Saturday, February 8, 2014

Meals: week of February 9

It's been a while since I've posted my meals for the week.  I've done meal planning, but I've been feeling a little overworked lately and haven't posted much of anything on my blog (clearly).  This week:

One thing that has been working for me with meal planning is to pick a couple veggies and then plan the meals around those veggies.  It's important to me that all dinners showcase some kind of veggie since I know I don't always get my veggies during the day, and Jeff certainly doesn't (since I have the pickiest. child. ever. I don't even factor Graham into the equation). Buying only a couple varieties of veggies for the week means that I have less waste (how many times have you bought 6 different types of veggies for 6 different meals and thrown away half of each veggie?).  I also think, maybe, it's cheaper.  But I can't for the life of me get my grocery bill under $100 each week, so maybe it's not as cheap as I think it is.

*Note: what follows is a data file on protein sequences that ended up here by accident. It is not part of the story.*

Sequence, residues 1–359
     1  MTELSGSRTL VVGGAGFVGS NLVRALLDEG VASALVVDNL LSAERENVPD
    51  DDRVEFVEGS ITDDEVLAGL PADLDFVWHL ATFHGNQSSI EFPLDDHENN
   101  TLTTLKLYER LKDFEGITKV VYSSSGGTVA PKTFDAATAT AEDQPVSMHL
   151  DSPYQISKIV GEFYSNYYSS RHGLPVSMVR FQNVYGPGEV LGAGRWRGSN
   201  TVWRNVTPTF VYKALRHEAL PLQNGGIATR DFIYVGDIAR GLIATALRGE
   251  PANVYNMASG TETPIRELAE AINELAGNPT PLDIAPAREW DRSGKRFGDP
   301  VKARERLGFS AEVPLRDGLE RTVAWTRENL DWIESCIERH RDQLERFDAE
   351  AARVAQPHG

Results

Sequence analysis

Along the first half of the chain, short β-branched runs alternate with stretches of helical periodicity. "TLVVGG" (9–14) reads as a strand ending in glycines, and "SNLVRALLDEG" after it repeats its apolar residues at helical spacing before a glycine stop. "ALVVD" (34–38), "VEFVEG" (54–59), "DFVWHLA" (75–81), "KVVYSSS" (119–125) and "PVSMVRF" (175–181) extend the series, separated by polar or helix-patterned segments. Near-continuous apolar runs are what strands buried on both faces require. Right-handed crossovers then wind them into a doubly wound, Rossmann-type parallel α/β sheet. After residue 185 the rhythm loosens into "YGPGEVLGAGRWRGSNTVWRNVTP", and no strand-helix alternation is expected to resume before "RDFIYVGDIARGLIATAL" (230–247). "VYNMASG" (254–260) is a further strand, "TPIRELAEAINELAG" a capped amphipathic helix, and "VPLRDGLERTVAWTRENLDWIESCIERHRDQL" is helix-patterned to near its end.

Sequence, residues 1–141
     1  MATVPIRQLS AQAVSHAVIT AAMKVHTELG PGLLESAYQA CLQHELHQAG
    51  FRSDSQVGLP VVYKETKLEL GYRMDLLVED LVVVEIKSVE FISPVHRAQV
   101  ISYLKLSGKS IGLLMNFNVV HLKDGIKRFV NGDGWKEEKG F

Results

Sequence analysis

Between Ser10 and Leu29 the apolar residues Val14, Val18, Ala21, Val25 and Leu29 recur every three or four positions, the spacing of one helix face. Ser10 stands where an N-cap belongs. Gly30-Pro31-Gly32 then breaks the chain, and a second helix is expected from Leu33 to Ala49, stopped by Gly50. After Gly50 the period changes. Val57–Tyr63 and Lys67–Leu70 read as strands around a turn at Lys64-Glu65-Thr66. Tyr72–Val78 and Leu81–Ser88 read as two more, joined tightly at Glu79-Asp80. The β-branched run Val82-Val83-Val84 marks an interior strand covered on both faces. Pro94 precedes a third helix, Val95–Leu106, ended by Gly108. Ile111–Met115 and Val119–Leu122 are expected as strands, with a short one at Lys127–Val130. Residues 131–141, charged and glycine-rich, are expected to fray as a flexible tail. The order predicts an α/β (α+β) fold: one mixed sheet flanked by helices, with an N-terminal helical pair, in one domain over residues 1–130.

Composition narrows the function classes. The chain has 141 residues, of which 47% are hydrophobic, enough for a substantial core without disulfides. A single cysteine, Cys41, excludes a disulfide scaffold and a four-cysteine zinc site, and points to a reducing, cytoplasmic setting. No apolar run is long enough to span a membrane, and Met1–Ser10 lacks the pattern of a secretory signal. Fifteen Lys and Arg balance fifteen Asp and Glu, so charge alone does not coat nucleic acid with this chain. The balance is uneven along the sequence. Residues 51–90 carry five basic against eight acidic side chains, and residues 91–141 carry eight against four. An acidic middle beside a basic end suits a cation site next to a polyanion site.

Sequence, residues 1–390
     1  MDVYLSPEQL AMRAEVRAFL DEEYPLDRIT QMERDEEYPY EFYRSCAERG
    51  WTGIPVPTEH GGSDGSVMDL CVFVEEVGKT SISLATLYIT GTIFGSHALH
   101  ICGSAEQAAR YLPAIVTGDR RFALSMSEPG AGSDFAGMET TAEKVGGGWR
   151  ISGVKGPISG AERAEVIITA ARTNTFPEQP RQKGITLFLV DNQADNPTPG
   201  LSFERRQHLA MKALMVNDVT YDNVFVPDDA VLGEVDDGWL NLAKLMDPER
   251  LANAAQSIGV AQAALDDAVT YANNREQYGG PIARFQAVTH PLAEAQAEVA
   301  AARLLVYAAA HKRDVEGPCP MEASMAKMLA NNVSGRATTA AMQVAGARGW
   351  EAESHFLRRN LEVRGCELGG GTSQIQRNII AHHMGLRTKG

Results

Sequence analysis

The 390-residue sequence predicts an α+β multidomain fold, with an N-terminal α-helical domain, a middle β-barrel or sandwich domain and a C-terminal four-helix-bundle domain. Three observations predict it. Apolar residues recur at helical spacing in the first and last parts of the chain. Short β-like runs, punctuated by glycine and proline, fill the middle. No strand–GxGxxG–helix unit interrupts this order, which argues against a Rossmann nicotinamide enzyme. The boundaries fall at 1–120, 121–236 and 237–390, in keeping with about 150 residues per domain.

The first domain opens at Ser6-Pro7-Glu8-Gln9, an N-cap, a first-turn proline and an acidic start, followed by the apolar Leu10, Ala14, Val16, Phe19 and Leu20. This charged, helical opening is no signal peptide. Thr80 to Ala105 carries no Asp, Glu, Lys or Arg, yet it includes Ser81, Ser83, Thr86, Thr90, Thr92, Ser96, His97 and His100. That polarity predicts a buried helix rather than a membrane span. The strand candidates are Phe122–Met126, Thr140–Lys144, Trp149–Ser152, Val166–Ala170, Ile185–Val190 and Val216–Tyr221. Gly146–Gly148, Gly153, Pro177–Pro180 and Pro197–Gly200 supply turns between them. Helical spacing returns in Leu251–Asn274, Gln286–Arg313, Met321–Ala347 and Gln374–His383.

Sunday, December 22, 2013

Something positive

Just to prove I'm not a total Debbie Downer, I thought I'd share a few funny Graham stories.
  • He's staying in bed!  After 6 weeks of moving him into a big boy bed, in the last week he has finally decided to stay put.  We may have bribed him with stickers, but I still consider it a win!  Although tonight he told me he didn't want his covers on because "me getting up soon." Ha!
  • Today he sat and watched the iPad while I did yoga. He made it almost 40 minutes before getting antsy! When I was wrapping up, he asked, "You all done with your yoga, mama?" I said, "Yes."  To which he replied, "You're so awesome!" I seriously got choked up.  My son told me I was awesome.  Totally made my day.  My week, actually.
Last, I will leave you all with this video. This is his new stall tactic, and it totally works because I laugh every time.

Monday, December 16, 2013

Finding Balance?

Today's party foul: sending a somewhat sensitive email to the wrong person. In fact, sending the email to the subject of the email.  Even better.  Then making the husband mad at you in the process of trying to remedy the whole situation.

Tonight's small victory: realizing I doubled entered not one but TWO entries in my check register, resulting in about $280 more money in my account than I thought.  But that actually is balancing out the $290 water bill I forgot to pay last month.

So I guess tonight there is still one more point in the "Hillary is an asshole" column.

Thursday, December 12, 2013

Searching for community